What are crutch words?
Crutch words are words we use, often times repeatedly, when there is a gap in our thought process whether speaking or writing. Crutch words afford the speaker or writer with an opportunity to breathe or think for a moment. Some examples are:
- I mean, well, maybe, and I guess
I don’t use crutch words!
I hate to tell you, but we all do. You may not subscribe to the list above, but you most likely have your own arsenal of crutch words or phrases. I once managed a sales person who used the phrase, “to be honest with you” in every presentation and discussion. He even typed it in his proposals! When addressing this issue with him, he said to me, “to be honest with you, I don’t even know when I am doing it.” Yes, I know.
How do I stop using crutch or filler words?
Practice makes perfect. If you are asked to make a speech or take part in a presentation, practice, and tape yourself. Listen to your speech and be cognizant of the timing, the wording, and the creep of crutch words. If you are new to the game, there may be a few “um” mentions and a “so” here or there. That’s understandable, but let’s work on it.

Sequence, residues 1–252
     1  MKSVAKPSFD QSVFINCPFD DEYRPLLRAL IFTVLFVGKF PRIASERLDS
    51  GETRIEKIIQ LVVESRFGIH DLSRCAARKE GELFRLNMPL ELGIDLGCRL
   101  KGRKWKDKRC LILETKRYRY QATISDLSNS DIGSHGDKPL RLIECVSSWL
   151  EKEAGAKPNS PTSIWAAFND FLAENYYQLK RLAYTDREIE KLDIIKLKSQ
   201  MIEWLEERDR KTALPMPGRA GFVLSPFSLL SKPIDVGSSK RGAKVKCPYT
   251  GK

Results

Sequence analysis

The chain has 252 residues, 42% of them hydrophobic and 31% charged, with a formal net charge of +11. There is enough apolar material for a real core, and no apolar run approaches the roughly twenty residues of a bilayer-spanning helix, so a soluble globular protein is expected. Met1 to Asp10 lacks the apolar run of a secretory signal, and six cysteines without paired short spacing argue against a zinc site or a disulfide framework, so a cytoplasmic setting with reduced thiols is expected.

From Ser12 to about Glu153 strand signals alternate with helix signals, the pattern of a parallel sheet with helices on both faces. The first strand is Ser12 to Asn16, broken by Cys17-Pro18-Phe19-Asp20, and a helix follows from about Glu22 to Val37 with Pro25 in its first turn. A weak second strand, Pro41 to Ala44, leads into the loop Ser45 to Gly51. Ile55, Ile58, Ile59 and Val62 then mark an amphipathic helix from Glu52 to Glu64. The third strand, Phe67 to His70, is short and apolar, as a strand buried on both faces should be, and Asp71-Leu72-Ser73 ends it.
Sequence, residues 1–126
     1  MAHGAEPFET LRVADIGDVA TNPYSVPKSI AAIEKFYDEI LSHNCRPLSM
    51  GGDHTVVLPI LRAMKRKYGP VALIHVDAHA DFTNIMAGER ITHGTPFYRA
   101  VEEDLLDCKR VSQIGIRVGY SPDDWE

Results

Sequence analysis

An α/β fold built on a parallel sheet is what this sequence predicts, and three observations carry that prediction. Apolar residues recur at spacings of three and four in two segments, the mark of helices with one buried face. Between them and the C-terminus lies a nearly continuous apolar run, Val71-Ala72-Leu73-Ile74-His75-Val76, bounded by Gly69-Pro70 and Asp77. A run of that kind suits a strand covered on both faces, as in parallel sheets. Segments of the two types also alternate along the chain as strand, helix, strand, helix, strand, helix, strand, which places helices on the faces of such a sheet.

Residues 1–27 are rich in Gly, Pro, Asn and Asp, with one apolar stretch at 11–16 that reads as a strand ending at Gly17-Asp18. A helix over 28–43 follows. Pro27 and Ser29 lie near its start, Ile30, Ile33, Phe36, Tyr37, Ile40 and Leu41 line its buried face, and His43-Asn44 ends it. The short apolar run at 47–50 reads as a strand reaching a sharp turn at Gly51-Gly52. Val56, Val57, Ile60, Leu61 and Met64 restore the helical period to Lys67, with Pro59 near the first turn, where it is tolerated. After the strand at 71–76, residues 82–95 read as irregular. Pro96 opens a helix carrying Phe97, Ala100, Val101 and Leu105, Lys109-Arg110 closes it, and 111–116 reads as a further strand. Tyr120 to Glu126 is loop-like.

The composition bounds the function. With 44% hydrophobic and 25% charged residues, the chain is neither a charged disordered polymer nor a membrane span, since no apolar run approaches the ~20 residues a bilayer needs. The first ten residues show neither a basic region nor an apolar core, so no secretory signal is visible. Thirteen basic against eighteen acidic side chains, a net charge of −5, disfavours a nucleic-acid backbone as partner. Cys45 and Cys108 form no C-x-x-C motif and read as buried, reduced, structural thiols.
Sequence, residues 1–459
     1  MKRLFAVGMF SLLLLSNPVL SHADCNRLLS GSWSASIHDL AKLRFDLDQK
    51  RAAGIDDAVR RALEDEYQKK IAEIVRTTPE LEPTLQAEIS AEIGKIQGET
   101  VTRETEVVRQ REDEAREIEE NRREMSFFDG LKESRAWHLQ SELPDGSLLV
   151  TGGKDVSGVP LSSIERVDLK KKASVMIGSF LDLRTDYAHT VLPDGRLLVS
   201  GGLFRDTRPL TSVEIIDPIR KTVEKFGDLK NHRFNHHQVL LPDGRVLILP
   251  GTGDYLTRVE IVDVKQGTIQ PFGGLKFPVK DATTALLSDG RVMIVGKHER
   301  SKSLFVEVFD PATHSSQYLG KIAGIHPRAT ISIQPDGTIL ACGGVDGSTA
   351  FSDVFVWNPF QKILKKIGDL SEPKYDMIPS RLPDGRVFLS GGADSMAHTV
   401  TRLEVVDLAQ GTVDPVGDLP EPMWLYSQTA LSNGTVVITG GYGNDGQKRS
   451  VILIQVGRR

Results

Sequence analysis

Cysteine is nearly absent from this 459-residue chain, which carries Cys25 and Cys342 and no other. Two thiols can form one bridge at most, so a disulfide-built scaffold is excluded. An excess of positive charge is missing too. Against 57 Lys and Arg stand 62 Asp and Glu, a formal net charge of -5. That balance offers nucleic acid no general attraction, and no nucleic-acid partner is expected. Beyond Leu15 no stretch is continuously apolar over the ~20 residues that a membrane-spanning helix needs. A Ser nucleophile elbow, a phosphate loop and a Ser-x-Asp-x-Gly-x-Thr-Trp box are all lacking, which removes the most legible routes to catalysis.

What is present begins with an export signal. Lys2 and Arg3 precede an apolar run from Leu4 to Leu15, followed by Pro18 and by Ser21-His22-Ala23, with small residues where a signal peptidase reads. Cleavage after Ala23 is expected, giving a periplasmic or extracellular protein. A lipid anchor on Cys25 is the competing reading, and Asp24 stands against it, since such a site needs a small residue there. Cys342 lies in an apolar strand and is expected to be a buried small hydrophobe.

If it is prevalent in your writing, ask for someone to proofread for you. You can also read it aloud and you may become aware of these words in your writing pieces.
It’s ok, practice it again, and again, and don’t be afraid to ask for help with it. You can master this once you are you are aware of it.
Sometimes more isn’t better, it’s just more.
The use of some crutch words can lessen and diminish the impact and value of the information that follows.
“Well, the final reviews on our new program are in.”
The word well used here tends to hedge what’s coming next. Is the speaker going to give us bad news?
Just say it. “We have the final reviews on our new program.” Wow, that sounds much better!
You don’t need to add more when you write or speak.
So, honestly, let me literally tell you that, I mean, its okay, seriously, not to use crutch words.